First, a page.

NORTH HAVEN — Three skeletons found buried beneath a Ridgefield home and believed to be remains of soldiers killed during the Revolutionary War are being analyzed by researchers at Quinnipiac University.
“It's still kind of hard for me to wrap my head around this,” said Jerry Conlogue, co-director of the university’s Bioanthropology Research Institute. “This was someone who was walking around in Connecticut in the 1700s. This is their actual bones. To me, that's pretty mind boggling.”
The skeletons were found in late November as the owners of the home, which was built in 1790, were preparing to install a concrete floor in the dirt-floor basement. After the Office of the Chief Medical Examiner determined the bodies were historical skeletons, State Archeologist Nick Bellantoni began exhuming the remains.
Bellantoni had already been using ground penetrating radar to search the area for evidence of a mass grave that British soldiers are believed to have dug after the Battle of Ridgefield in 1777. Because the remains were found clustered within 10 feet of each other, it’s believed that this could be the mass grave.
“If the house hadn't been there and these folks didn't decide to concrete the basement, it never would’ve been found,” Conlogue said.
The researchers at Quinnipiac University’s Center for Medicine, Nursing and Health Sciences on Bassett Road began examining the remains on Friday.
“From what we're seeing on this first skeleton, it seems like a robust individual. The radius, this bone that connects from your elbow to your thumb, has definite strong muscle markings," Conlogue said.
The first skeleton examined is believed to be a male, at least 20 years old, said Tania Grgurich, a clinical associate professor of diagnostic imaging.
The Quinnipiac team will use a suite of X-ray scanners to image the skeletons. After that, the skeletons will be handed off to Yale University for a more detailed analysis, possibly including DNA testing, Conlogue said.Rare insight into state’s history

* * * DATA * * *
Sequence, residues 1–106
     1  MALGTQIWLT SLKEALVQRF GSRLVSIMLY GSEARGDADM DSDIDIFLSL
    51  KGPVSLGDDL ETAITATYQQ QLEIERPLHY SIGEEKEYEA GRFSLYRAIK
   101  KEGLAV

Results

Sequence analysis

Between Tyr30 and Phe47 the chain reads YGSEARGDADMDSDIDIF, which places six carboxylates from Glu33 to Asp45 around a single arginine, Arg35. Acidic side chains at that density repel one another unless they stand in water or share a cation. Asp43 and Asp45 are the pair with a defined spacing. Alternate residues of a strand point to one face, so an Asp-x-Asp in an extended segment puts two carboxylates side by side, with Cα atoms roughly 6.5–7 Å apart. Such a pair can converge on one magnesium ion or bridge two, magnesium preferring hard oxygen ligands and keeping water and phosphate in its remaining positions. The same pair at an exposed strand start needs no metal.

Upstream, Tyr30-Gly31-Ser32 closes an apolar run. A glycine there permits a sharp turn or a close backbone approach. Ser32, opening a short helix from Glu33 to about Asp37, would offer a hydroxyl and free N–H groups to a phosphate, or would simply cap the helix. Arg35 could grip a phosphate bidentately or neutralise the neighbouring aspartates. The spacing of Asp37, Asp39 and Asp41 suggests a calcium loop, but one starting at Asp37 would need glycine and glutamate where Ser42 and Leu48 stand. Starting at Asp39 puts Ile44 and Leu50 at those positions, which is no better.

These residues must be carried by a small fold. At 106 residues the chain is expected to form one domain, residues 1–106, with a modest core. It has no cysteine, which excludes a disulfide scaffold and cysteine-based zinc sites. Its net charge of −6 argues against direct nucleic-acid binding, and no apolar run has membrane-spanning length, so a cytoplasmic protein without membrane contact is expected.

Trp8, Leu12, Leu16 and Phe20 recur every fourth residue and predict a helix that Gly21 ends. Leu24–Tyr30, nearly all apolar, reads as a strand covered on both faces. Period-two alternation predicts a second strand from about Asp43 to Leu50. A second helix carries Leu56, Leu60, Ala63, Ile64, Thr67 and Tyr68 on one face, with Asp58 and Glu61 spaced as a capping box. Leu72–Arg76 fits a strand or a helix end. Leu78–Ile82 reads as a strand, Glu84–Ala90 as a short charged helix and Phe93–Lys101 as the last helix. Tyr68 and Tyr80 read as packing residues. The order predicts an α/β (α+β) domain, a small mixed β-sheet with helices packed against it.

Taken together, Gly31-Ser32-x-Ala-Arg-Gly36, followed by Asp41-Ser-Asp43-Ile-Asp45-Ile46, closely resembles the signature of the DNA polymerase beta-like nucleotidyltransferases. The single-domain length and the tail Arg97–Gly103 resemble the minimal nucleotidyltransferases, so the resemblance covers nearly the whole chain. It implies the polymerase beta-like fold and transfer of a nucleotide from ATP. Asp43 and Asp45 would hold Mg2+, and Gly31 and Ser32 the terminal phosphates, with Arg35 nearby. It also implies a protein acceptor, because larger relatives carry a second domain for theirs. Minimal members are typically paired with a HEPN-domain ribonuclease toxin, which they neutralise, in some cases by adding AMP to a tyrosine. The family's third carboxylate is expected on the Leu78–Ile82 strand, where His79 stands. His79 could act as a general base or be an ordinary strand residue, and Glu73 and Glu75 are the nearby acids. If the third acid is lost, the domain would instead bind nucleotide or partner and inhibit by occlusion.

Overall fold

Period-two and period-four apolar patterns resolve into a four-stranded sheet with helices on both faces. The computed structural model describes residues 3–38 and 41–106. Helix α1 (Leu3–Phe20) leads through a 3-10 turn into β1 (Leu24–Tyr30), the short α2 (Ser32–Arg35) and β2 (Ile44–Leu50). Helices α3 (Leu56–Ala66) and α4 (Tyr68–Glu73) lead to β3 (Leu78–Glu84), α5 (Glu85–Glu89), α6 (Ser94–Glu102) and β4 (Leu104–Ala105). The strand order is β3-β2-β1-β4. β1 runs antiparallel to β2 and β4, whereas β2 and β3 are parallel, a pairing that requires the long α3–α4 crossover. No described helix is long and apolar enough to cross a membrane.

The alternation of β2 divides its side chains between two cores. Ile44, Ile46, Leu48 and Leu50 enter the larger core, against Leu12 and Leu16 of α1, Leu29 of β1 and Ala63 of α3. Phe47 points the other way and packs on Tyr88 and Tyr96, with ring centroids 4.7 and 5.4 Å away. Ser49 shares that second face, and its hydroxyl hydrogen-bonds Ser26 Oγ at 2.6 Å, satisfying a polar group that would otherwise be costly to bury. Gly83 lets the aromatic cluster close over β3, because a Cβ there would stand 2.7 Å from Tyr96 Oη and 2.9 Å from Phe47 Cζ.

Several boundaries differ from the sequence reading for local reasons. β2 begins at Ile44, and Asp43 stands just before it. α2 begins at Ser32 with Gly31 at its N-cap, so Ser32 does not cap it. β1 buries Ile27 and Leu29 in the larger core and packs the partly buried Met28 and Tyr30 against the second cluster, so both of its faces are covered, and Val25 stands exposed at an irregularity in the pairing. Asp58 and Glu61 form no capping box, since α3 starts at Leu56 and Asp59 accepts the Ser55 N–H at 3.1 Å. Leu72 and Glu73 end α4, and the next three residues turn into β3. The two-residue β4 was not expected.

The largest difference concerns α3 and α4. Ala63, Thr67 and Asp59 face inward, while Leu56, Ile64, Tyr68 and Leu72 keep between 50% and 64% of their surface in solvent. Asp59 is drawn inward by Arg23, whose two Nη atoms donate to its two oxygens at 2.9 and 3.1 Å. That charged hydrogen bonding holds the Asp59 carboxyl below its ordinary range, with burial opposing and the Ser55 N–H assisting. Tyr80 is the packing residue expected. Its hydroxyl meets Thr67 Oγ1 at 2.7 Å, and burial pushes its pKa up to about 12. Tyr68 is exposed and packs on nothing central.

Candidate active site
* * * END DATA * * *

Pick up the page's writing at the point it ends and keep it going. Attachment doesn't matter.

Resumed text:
Since many remains from this era have been lost to the region’s acidic soil, the skeletons can provide valuable insight into the health and lifestyle of those who lived in Connecticut during the Colonial Era.
“We don’t have a lot of information from skeletons from the Revolutionary War era, so if in fact these are soldiers from the Battle of Ridgefield, this will be a chance to actually learn from the skeletons themselves about what life was like and what happened,” said Jaime Ullinger, associate professor of anthropology and co-director of the Bioanthropology Research Institute.
Robert Lombardo, a Quinnipiac University adjunct professor, helps a student perform an X-ray scan of bones found beneath a Ridgefield, Connecticut home. The remains are part of a set of three skeletons suspected to be Revolutionary War soldiers. | Devin Leith-Yessian/Record-Journal
A variety of X-ray imaging equipment scans each bone one at a time. A mammography unit was used to examine the teeth and jaw, allowing a higher resolution than is typically provided by standard X-ray scanners.
“We can see things that are possibly happening internally that you can't necessarily see from the external surface,” Ullinger said. “So for example, when we were looking at the lower jaw bone, we could see that there wasn’t any infection happening internally. So it looks like the person did have some cavities on their teeth, but that hadn't turned into some infection on the jaw.”
The circular ring of the CT scanner, also known as a CAT scan, provides a three-dimensional look into the bones, allowing radiographers to look at structures from various angles and to peer past overlapping bones. After laying the skull on the scanning bed, Grgurich was able to view the visualizations on two computers and pan around the interior of the cranial cavity.
Being able to participate in such novel research is a unique experience for students, said adjunct professor Edward Rosenblatt.
“Projects like this help one expand their skills, learn to improvise, either with positioning of patients or remains, as well as setting techniques — the technical settings on the X-ray machines — in order to get good images,” he said.
“If you give them a challenge like this, now they're going to have to think outside the box and go back to some of those physics classes to adjust the technical factors to get a good image.”